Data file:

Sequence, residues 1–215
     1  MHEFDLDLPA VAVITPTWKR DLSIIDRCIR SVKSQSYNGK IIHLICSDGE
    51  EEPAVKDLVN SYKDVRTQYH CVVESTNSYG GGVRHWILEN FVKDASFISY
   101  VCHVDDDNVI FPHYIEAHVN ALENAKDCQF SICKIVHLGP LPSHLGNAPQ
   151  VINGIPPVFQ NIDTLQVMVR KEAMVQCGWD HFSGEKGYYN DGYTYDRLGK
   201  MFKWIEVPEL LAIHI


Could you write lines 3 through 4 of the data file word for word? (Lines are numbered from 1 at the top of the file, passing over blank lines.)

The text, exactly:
    51  EEPAVKDLVN SYKDVRTQYH CVVESTNSYG GGVRHWILEN FVKDASFISY
   101  VCHVDDDNVI FPHYIEAHVN ALENAKDCQF SICKIVHLGP LPSHLGNAPQ